A phase-control-loop (PCL) 30, having a control section that may be internal to a second integrated circuit 200, generates a signal DH at the frequency fH Signal DH is coupled via an inverter 133 to a horizontal driver 33 that generates a signal 33a that is coupled to a base electrode of a switching transistor Q1. Transistor Q1 is included in, for example, a conventional horizontal output stage 99. Output stage 99 produces, in a winding 34 of a flyback transformer T0, a retrace pulse at a high voltage that is used, in a high voltage supply 35, for generating an ultor voltage U. Voltage U is coupled to an ultor electrode of a cathode ray tube, not shown in the FIGURE, of the television receiver. PCL 30 is synchronized to signal OH in such a way that deflection current iY in a deflection winding LY is maintained in a constant phase relationship relative to signal OH despite varying beam current loading that loads winding 34 in a manner to be described in detail later on.
IC 200 includes a frequency dividing arrangement 45, embodying an aspect of the invention. Arrangement 45 includes a flip-flop 40 having a clock receiving terminal 40a that receives signal O32H that is at the frequency 32xfH. Flip-flop 40 generates an output signal E16H that toggles, or changes states, each time a clocking edge of signal O32H occurs. Signal E16H is at a frequency 16xfH that is one-half of the frequency of signal O32H. Flip-flop 40 forms the first stage in five-stage cascaded-coupled frequency dividing arrangement 45 that includes flip-flops 40-44. Note that none of the frequency dividing stages of arrangement 45 is in common with any stage of frequency divider 32. Arrangement 45 generates corresponding output signals E16H, E8H, E4H, E2H and EH at frequencies 16xH, 8xfH, 4xfH, 2xfH and fH, respectively, at corresponding output terminals of flip-flops 40-44.
In carrying out an aspect of the invention, horizontal rate signal OH is coupled via an "AND" gate 52 to a corresponding reset pulse receiving terminal RESET of each of flip-flops 40-44 for abruptly resetting the phase of each of signals E16H, E8H, E4H, E2H and EH to insure that they conform to that of signal OH. Resetting the phase of such signals is done by causing each of flip-flops 40-44 to assume abruptly a FALSE state when a leading edge OHa of signal OH occurs, as described later on. In this way, flip-flops 40-44 are initialized. Initializing flip-flops 40-44 is required because flip-flops 40-44 are outside the feedback loop of PLL 20. The phase of each of the output signals of flip-flops 40-44, if flip-flops 40-44 were not initialized, disadvantageously, would not be predetermined. If the phase of the output signals of flip-flops 40-44 were not predetermined, PCL 30 would operate, disadvantageously, improperly.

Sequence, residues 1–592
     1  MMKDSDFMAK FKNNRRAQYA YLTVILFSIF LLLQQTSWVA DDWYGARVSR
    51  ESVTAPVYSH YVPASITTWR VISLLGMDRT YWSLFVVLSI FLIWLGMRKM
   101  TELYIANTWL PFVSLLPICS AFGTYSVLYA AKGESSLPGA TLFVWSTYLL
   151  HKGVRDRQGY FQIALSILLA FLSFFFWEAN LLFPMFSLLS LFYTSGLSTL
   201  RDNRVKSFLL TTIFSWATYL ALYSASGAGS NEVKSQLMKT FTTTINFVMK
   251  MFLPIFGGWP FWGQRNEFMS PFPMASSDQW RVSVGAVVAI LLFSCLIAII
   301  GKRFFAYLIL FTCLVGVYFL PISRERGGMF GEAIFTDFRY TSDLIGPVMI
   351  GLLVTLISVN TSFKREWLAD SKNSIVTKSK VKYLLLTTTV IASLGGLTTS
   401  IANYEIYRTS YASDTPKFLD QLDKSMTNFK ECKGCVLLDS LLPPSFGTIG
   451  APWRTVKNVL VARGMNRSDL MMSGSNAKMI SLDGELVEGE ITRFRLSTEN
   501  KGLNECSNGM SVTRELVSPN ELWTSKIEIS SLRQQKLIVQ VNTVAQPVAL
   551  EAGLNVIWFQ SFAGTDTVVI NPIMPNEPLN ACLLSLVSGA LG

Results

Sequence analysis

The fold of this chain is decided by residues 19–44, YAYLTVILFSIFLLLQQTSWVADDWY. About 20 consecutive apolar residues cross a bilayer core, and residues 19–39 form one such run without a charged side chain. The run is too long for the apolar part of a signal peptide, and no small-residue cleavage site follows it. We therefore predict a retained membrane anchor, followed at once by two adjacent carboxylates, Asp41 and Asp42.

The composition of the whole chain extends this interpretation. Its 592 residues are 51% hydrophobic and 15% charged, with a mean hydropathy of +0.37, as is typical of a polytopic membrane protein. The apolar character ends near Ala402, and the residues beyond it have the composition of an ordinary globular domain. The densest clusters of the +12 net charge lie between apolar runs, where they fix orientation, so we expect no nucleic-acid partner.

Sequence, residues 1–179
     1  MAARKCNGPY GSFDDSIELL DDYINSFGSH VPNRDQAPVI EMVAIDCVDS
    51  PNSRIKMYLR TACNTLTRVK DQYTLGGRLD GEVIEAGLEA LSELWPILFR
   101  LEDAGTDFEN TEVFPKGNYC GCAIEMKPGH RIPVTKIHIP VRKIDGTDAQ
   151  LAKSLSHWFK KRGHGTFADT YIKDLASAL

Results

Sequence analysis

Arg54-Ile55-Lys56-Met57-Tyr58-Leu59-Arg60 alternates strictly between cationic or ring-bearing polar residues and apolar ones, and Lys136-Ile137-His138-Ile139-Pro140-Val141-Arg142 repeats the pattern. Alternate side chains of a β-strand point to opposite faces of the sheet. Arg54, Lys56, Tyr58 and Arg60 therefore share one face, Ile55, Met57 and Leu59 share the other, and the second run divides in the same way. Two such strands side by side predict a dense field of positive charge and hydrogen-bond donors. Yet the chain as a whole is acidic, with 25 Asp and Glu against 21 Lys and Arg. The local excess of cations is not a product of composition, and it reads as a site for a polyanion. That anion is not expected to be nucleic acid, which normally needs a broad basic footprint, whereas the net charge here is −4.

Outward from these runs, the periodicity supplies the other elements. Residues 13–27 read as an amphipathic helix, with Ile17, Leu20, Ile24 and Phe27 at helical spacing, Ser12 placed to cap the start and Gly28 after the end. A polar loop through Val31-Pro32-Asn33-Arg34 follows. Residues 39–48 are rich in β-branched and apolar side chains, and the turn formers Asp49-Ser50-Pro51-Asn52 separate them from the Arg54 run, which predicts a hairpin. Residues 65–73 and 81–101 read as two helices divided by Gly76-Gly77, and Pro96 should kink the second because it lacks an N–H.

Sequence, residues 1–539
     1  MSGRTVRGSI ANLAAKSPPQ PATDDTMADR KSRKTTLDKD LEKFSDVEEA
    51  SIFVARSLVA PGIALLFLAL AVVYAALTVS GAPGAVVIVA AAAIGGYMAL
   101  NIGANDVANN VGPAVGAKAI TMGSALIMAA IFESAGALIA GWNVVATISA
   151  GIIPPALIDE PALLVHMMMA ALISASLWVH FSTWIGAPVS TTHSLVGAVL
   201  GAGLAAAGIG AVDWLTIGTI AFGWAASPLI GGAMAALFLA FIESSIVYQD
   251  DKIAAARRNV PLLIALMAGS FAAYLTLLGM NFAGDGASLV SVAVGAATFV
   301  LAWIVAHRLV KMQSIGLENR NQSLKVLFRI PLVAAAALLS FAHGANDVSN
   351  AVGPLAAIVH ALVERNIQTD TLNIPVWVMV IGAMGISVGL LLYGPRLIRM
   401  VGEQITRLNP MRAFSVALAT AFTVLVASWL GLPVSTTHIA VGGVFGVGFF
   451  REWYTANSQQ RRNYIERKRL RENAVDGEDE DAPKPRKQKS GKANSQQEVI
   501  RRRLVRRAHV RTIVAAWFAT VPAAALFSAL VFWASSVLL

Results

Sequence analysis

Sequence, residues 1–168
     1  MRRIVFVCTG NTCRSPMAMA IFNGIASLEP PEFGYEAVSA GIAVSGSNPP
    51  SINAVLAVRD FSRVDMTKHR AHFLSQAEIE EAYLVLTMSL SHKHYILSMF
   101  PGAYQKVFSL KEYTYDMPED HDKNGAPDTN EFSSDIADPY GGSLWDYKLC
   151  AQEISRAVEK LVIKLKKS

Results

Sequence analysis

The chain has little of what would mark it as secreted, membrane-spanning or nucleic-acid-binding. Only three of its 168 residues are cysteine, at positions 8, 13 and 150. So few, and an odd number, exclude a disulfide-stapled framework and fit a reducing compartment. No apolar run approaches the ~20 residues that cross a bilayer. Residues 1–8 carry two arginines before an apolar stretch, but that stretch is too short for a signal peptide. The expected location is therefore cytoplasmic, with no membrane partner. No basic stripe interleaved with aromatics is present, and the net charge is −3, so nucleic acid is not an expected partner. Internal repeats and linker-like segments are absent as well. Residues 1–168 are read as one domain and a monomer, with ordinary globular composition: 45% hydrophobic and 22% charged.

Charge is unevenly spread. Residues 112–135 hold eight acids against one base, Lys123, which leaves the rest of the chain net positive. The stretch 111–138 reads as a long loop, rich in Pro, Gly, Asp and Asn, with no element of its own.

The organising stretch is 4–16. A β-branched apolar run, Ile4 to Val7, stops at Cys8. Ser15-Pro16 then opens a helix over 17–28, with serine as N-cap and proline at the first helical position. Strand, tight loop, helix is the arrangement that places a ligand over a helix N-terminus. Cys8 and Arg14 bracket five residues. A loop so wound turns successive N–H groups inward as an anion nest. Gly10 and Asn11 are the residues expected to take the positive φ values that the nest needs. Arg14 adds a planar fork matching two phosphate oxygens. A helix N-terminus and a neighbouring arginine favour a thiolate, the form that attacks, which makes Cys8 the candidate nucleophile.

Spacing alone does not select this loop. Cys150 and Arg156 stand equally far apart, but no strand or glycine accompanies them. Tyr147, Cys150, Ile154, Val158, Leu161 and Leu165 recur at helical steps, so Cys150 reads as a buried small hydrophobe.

A flip-flop 51 delays signal OH by approximately one microsecond to form a delayed signal 51a that is also inverted. The one microsecond delay time is caused by using, for clocking flip-flop 51, a transition edge of signal O32H that occurs between the transition edges used for clocking frequency divider 32. The delayed signal 51a that is coupled to an input terminal 52a of "AND" gate 52 disables gate 52 one microsecond after leading edge OHa of signal OH. Thus a pulse 50 is generated on a conductor 49 when both signals 51a and OH are simultaneously at corresponding TRUE state. Pulse 50 that has a duration of approximately one microsecond and that is at the horizontal rate FH is synchronized to signal OH. When pulse 50 occurs, each of flip-flops 40-44 is initialized to provide the corresponding output signal at a corresponding predetermined state such as, for example, a FALSE state. Without the initialization operation performed by pulse 50, the phase of the signals at the output terminals of flip-flops 40-44, disadvantageously, would not have been predetermined.
Each of the output signals of flip-flops 40-44 is also periodic at the frequency FH of signal OH or 50. Therefore, if no significant phase perturbation in signals OH and O32H of PLL 20 occurs, once initialized by signal 50, each of the corresponding output signals of flip-flops 40-44 will remain, in each subsequent period H, in a corresponding constant phase relationship with respect to signal OH. It should be understood that flip-flops 40-44, 51 and gate 52 are located outside the feedback loop of PLL 20.